Odessa Massacre: 80 Years Later

The Odessa massacre took place 80 years ago on October 23, 1941. Mikhail Zaslavsky, who is pictured here by the monument for Odessa’s Jews, is one of the only known survivors. One week after Romanian and German troops took over the Ukrainian city, the Soviets blew up the Romanian army headquarters, killing 67 people. Because most of the Soviets had already left the city, blame was placed on the Jews. In retaliation, the Romanian military and German Einsatzgruppen (SS killing squads) launched a massacre and mass deportation of Odessa’s Jews in the early morning of October 23rd. Tens of thousands of Jews were hanged, shot, and burned alive. 16-year-old Mikhail was brought to an artillery warehouse nearby. He was forced into the last barrack, while his mother and four younger siblings ended up in another. The buildings were doused with gasoline fuel and set ablaze. Mikhail managed to escape through a hole and evade the onslaught of bullets. His mother and siblings, along with some 30,000 other Jews, were all murdered. Mikhail ended up in the Slobodka Ghetto, but later escaped with the help of a Ukrainian woman who hid him in her home. After Odessa was liberated in 1944, Mikhail joined the army and helped to liberate six countries. When he returned home, he married Ira z’l, raised a family, and worked as an electrician. When asked why he doesn’t leave Odessa, Mikhail says, “If I go, who will protect the bones of my family?”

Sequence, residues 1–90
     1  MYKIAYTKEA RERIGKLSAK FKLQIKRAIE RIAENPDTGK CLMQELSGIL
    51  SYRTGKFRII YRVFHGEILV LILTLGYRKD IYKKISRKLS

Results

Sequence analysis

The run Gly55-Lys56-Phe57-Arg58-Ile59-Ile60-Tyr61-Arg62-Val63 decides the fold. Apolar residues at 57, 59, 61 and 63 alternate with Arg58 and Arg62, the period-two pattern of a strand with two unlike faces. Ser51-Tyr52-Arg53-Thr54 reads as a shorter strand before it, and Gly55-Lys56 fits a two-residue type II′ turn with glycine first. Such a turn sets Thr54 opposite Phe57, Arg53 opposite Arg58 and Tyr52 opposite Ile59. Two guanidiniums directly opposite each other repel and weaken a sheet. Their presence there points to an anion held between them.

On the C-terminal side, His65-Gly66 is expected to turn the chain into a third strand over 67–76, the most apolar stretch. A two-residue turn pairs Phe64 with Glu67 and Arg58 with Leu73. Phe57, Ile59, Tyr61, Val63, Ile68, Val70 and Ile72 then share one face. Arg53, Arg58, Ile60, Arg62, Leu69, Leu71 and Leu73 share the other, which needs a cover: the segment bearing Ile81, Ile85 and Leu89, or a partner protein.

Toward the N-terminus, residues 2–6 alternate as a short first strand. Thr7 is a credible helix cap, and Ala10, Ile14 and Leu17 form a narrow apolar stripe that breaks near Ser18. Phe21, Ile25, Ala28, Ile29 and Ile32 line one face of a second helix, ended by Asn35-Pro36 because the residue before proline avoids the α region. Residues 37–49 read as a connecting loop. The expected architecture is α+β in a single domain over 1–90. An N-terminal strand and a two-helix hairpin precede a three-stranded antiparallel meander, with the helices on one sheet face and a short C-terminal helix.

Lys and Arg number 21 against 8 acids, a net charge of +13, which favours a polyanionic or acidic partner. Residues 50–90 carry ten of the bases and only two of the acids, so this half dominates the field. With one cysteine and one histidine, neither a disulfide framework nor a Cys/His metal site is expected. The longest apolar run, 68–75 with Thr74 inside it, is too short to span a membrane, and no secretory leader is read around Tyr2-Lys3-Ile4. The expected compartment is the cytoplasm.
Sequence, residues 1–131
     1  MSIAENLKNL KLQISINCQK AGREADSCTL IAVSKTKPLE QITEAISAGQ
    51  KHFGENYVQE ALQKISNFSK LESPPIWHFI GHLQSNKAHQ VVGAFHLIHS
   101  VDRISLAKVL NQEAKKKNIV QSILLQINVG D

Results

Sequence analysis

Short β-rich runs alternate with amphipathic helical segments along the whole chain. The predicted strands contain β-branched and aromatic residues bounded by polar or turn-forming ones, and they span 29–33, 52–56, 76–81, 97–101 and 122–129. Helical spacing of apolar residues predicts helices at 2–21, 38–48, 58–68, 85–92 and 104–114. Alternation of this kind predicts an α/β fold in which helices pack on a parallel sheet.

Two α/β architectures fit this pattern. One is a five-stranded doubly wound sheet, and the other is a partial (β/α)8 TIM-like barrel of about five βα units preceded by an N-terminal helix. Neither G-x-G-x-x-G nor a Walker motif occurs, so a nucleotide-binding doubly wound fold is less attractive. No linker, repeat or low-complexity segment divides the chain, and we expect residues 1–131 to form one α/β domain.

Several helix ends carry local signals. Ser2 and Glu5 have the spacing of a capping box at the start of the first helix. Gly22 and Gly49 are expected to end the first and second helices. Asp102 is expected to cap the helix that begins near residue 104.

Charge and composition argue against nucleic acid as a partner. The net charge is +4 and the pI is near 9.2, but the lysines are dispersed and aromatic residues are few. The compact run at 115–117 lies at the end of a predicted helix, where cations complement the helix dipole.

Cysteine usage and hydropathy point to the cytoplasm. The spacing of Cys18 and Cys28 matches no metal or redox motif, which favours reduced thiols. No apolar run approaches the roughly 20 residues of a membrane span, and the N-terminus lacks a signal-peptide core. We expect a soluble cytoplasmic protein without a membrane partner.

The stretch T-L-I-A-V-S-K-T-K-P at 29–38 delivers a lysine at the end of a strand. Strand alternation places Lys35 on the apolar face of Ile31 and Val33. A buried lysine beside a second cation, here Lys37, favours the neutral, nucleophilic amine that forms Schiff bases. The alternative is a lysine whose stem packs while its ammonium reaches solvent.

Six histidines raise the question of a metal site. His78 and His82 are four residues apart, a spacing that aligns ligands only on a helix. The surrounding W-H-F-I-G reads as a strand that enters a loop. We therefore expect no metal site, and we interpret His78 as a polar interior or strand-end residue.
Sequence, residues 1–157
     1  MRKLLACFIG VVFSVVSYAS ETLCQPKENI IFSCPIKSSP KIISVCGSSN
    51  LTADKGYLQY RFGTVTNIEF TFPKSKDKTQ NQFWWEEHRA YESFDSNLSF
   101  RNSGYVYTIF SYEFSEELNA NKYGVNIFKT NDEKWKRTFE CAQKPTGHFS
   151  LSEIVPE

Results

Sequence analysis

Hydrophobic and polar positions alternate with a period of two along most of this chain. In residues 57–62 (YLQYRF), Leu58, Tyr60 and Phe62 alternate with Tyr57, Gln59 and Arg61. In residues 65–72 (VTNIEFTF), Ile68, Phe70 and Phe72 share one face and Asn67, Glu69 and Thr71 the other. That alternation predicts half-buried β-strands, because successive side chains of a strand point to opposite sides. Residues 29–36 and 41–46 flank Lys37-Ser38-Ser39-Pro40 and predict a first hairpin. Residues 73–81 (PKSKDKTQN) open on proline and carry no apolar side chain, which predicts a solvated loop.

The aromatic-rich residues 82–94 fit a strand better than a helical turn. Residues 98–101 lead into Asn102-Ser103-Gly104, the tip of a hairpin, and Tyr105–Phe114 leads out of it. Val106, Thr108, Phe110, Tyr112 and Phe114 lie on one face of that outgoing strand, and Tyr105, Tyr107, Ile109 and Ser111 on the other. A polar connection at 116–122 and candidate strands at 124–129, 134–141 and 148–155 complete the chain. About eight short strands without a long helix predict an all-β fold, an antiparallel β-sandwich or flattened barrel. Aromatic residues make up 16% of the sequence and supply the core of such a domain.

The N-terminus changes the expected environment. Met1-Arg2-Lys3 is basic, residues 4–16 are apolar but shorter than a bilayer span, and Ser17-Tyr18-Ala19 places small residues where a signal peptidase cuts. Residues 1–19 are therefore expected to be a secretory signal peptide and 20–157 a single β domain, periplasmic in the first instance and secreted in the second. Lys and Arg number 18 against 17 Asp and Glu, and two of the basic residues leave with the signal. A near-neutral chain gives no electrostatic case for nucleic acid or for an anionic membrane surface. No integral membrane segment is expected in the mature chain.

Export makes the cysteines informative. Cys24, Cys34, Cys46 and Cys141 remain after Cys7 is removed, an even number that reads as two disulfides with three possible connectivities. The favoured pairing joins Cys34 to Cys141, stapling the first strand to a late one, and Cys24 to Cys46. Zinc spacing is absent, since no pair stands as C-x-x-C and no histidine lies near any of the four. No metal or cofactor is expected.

Source: American Society for Yad Vashem
Photo: ynet